An Historian’s Foray into Fiction
Simon Sebag Montefiore is renowned for his research and historical texts on revolutionary Russia, and especially for such recent groundbreaking studies of Stalin as Young Stalin and Stalin: The Court of the Red Tsar. In Sashenka, his first dalliance into novel writing, he succeeds in creating a number of fictional characters who rub shoulders with historical figures. The heroine — and the novel’s namesake — aids him in reaching his target of making what could be a historical text attractive to a broader audience. In his acknowledgements, Montefiore makes clear his aim to “write about how an ordinary family coped with the triumphs and tragedies of 20th-century Russian history.” The narrative is broken into three sections: Part 1: St Petersburg, 1916; Part 2: Moscow, 1939; and Part 3: The Caucasus, London, and Moscow, 1994.
The brave, if a little naïve, revolutionary we meet in the first section of the novel grows in depth, character, and appeal in Part 2, where we witness the passionate mistake that transforms forever the life of this respected wife, mother, and party member. Her spirit is kept alive in the final section of the novel when her presence is felt by all who strive to unearth the heartbreaking tale of a family torn apart by the devastating actions of a Party that thrived on terror and control. Unfortunately, as the author states, this is not an unusual occurrence. Many children were orphaned or separated from parents and siblings during this epoch of history. However, that is where all semblance of normality ends. There is nothing commonplace about Sashenka or her family.
Our heroine grew up the rich daughter of a Jewish businessman, deeply affected by her neurotic, party-loving, and oversexed mother. She was equally infl uenced by her crippled and socially inept Bolshevik Uncle Mendel. Sashenka joined the Party under the code name Comrade Snow Fox and was encouraged to use her youth, intelligence, and good looks to pass information and seduce the head of the tsarist police. In later life Sashenka and her family entertain Stalin and continue to win Party favor and avoid the terror that had led to the removal of many of their friends. Sashenka’s good looks and beguiling character aid her at times but are ultimately the cause of her most terrible downfall. We are repeatedly reminded of “the little shower of freckles on either side of her nose” and the “cool grey eyes” that bore into the souls of others and go on to haunt long after her death. At times the repetition of such facts feels somewhat tedious and excessive.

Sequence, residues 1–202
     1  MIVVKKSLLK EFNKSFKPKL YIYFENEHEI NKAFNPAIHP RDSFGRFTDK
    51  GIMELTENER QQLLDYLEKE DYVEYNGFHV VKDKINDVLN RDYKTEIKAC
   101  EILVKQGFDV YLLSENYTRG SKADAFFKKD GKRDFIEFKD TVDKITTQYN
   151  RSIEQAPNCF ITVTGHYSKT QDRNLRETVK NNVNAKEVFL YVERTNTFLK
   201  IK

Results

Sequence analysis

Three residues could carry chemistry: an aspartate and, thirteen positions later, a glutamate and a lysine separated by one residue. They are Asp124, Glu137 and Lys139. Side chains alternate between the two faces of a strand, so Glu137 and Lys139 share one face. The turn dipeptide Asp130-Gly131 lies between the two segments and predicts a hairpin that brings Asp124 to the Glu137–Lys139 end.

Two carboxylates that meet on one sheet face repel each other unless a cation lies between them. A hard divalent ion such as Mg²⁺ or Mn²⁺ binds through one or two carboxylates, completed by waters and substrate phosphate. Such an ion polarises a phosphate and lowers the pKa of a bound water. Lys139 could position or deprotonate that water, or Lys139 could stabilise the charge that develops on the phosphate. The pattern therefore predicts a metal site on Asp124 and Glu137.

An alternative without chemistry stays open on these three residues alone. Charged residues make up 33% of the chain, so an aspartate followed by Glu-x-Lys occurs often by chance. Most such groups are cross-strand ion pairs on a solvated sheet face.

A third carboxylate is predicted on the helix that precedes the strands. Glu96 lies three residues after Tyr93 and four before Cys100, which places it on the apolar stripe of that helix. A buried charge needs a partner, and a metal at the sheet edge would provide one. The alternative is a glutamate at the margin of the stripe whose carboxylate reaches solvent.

Montefi ore’s characters are colorful, at the same time credible and larger than life (her rakish uncle, the novelist/ journalist Gideon Zeitlin, who appears to have nine lives and evokes a vivid picture of English actor/adventurer Brian Blessed, to name one), and addictive — this book was devoured in a matter of days. I cared what happened to the characters; I wanted them to survive. The romance of the text that irritated me at first went on to ensnare me and did not let go until the very end.
However, it is not just the characters that make this such a readable novel. Montefi ore keeps some of the historical characters, offers us insights into their quirky manners, and paints a picture of Russia that tells a story of beauty, courage, strength, and compassion while reminding us of the horrors and terrifying times, when to throw a paper dart in class and hit the portrait of Stalin could lead to a family’s imprisonment. His descriptions of St. Petersburg at night, the heat and energy of Tbilisi, and the moon and stars creating crystals on the Moscow River are the perfect relief from the intensity of the plot.
Sashenka by Simon Sebag Montefiore (Bantam Press, 2008, 544 pages) is available at Amazon.co.uk